Pathogenesis and treatment of pruritus in cholestasis

Drugs. 2008;68(15):2163-82. doi: 10.2165/00003495-200868150-00006.


Pruritus is an enigmatic, seriously disabling symptom accompanying cholestatic liver diseases and a broad range of other disorders. Most recently, novel itch-specific neuronal pathways, itch mediators and their relevant receptors have been identified. In addition, new antipruritic therapeutic strategies have been developed and/or are under evaluation. This review highlights recent experimental and clinical findings focusing on the pathogenesis and actual treatment of pruritus in cholestatic liver disease. Evidence-based therapeutic recommendations, including the use of anion exchange resins cholestyramine, colestipol and colesevelam, the microsomal enzyme inducer rifampicin, the opioid receptor antagonists naltrexone and naloxone, and the serotonin reuptake inhibitor sertraline, are provided.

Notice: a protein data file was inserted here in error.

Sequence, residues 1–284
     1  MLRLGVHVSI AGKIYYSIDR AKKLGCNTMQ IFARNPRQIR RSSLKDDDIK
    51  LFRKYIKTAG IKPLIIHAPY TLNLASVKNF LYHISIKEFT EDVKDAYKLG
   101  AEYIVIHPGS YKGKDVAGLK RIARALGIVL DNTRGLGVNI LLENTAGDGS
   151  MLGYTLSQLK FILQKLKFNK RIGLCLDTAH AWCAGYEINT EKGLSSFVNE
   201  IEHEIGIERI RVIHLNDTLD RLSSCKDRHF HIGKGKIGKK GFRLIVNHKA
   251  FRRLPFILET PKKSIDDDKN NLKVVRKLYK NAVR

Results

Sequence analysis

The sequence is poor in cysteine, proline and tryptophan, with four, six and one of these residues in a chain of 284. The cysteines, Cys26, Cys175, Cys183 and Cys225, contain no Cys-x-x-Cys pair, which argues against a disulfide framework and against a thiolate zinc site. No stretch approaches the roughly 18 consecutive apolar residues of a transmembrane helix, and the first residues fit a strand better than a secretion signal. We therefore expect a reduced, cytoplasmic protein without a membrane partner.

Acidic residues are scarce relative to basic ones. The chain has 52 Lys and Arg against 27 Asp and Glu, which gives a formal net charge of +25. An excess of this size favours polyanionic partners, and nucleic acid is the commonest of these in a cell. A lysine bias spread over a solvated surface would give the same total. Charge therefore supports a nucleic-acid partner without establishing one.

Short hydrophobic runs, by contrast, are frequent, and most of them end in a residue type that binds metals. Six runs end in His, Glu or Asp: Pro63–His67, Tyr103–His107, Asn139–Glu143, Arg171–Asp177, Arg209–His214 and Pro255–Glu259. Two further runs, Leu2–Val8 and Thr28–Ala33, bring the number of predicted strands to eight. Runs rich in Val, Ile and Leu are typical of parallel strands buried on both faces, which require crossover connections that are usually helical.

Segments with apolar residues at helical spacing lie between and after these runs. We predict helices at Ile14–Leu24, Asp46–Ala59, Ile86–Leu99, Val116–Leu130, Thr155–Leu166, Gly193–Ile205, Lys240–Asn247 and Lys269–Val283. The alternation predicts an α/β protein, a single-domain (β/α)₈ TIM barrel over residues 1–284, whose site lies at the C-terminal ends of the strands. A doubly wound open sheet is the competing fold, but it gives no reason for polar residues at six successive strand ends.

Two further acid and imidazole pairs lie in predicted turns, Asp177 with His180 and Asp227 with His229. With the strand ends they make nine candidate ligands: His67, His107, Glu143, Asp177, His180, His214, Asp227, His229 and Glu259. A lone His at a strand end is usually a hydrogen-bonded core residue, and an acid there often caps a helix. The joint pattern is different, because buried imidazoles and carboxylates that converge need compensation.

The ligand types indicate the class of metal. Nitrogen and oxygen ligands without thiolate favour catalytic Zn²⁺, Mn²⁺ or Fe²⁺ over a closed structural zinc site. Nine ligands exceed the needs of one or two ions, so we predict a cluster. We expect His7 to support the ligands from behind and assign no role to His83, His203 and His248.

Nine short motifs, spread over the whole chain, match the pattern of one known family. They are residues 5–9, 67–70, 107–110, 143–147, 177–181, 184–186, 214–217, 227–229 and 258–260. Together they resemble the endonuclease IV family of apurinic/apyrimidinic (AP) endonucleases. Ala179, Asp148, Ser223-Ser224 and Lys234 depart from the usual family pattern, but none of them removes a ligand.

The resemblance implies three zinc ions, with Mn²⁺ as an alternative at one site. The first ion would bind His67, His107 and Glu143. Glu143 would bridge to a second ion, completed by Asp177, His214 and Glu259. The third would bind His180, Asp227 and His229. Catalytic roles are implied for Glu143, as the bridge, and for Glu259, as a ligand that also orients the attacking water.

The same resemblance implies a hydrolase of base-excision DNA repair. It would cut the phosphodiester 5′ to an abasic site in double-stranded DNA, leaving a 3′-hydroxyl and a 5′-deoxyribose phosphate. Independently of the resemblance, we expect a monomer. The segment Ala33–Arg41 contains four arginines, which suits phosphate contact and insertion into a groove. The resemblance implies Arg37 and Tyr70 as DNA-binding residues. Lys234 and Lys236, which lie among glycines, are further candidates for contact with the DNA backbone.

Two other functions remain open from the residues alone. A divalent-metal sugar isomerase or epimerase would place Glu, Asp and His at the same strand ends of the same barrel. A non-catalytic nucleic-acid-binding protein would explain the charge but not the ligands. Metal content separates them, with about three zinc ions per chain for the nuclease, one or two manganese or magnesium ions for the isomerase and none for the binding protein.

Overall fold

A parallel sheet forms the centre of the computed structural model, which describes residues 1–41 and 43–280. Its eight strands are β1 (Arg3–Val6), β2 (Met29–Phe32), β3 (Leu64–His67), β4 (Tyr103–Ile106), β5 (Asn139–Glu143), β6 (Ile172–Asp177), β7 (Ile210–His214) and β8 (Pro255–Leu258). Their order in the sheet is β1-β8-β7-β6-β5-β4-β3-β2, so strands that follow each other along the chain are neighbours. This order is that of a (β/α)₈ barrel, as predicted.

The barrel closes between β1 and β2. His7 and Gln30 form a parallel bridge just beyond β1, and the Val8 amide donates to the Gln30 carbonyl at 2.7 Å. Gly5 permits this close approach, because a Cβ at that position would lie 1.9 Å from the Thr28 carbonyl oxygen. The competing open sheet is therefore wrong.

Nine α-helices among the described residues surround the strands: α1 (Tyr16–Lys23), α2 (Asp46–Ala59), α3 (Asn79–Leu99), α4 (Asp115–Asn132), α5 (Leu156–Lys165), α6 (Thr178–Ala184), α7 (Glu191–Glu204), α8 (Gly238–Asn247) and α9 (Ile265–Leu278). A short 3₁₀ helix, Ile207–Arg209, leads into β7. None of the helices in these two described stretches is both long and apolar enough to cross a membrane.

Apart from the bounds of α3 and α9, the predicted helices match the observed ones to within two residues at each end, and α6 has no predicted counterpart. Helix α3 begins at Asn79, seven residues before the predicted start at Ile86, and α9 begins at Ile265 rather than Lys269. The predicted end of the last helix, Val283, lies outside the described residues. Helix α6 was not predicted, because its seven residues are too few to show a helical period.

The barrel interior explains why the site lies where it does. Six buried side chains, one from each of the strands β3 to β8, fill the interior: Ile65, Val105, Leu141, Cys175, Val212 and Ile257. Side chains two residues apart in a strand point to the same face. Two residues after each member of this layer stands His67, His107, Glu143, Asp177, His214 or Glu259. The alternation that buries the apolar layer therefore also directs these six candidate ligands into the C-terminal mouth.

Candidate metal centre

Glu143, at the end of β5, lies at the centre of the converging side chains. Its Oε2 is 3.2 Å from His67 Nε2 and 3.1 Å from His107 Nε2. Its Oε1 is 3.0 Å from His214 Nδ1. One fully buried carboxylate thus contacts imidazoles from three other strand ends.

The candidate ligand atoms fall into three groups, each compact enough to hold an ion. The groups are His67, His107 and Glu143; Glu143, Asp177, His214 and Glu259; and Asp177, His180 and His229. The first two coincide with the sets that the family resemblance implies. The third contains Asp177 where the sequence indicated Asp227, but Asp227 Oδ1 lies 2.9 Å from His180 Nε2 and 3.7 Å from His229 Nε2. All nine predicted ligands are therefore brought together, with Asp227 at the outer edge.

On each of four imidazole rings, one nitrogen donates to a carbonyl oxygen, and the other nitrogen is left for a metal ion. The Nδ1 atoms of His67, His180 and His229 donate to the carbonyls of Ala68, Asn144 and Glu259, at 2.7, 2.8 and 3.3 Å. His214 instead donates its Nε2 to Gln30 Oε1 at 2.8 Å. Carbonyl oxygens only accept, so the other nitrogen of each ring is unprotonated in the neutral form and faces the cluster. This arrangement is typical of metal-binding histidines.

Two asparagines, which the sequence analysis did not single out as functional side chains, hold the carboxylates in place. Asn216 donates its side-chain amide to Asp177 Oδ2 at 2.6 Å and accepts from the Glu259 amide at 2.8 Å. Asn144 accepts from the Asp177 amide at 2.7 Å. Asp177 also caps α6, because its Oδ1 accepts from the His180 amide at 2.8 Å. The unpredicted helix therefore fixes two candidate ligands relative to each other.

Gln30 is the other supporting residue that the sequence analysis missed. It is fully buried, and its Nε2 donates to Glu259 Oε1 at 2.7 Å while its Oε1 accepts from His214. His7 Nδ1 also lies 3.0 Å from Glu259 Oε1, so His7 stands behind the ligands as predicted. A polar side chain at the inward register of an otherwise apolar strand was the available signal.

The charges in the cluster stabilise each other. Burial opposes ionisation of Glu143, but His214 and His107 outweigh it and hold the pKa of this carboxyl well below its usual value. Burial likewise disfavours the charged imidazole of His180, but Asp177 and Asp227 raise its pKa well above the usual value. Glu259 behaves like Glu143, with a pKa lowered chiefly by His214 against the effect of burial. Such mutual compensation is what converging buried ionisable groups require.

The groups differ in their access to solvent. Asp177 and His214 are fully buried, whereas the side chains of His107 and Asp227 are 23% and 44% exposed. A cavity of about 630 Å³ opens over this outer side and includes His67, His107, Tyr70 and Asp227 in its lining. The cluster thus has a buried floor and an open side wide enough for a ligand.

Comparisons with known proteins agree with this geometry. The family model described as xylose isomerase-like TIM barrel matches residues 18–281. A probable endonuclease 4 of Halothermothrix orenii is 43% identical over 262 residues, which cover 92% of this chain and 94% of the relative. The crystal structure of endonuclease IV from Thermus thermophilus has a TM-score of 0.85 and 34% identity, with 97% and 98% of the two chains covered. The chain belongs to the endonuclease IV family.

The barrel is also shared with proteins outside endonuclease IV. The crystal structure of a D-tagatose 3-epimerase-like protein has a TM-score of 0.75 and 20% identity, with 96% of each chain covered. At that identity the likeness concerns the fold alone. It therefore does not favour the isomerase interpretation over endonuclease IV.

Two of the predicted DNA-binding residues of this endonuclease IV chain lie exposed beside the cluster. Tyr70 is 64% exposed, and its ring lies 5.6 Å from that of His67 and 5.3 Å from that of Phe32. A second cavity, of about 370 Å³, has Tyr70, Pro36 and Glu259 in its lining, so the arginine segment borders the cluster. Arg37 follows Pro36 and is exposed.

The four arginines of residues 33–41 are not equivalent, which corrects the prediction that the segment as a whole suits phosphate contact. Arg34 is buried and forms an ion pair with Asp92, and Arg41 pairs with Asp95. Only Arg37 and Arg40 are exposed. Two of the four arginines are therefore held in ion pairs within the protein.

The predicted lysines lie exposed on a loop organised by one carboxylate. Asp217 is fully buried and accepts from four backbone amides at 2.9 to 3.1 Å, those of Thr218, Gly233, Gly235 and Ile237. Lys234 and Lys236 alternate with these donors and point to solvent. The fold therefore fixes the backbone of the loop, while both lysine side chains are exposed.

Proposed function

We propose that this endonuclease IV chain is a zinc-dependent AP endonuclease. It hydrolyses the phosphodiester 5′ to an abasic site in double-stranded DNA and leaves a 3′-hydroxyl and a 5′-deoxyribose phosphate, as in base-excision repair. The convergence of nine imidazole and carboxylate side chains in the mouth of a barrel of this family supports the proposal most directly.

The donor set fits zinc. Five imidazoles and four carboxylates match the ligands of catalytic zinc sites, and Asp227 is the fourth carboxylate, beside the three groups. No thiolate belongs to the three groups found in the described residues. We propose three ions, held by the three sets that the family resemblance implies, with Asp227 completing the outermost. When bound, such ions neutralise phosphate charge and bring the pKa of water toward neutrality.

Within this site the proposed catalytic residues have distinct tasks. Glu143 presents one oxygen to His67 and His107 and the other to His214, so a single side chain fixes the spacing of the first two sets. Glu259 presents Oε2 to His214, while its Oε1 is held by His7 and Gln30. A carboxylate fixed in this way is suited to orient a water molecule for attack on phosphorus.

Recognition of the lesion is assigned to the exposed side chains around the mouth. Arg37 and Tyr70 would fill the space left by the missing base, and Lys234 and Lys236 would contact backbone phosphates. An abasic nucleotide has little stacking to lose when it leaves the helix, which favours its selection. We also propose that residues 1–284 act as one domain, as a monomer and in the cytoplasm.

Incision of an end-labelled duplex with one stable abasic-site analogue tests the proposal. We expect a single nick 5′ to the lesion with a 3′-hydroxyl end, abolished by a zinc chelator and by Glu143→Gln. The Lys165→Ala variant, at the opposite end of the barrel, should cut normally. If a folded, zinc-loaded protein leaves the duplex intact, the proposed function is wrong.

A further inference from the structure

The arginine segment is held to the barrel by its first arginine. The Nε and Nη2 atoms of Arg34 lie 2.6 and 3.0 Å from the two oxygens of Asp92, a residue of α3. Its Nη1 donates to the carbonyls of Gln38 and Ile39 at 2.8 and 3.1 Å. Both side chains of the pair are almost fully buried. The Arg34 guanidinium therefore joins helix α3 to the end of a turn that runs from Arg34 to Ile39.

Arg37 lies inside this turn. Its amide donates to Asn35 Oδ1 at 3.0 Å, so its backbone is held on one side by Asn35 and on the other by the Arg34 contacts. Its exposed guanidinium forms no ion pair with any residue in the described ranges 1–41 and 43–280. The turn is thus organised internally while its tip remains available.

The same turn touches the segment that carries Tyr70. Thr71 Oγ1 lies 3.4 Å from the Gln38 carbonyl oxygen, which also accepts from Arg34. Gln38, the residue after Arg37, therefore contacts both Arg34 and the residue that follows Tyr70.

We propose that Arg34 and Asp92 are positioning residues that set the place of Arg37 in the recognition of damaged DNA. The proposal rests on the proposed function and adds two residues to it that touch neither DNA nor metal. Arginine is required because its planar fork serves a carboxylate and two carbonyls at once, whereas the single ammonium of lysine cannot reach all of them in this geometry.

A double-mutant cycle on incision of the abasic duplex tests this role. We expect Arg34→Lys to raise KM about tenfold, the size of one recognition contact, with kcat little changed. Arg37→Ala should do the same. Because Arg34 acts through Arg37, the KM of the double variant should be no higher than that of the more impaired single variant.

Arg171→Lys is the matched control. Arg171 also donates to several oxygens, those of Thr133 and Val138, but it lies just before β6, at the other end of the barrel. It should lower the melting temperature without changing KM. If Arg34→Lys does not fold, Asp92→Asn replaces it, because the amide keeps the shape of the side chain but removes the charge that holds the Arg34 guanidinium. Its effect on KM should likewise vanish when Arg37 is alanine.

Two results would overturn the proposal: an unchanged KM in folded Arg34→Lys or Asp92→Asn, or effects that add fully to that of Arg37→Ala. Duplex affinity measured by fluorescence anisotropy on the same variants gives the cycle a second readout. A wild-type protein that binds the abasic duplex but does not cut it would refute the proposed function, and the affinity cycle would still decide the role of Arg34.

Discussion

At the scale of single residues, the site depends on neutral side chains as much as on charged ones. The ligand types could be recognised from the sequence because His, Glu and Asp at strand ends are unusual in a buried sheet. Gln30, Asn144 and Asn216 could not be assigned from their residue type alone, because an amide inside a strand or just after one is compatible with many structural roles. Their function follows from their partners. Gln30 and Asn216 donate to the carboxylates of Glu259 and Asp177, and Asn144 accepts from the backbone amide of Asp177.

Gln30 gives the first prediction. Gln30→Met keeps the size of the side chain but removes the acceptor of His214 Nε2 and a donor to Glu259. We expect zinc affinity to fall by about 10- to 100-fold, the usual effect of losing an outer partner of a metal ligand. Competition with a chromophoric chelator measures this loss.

Publication types

  • Review

MeSH terms

  • Animals
  • Antipruritics / therapeutic use*
  • Cholestasis / complications*
  • Cholestasis / metabolism
  • Humans
  • Neural Pathways / drug effects
  • Neural Pathways / physiopathology
  • Pain / physiopathology
  • Pruritus / drug therapy*
  • Pruritus / etiology*
  • Pruritus / pathology
  • Pruritus / physiopathology


  • Antipruritics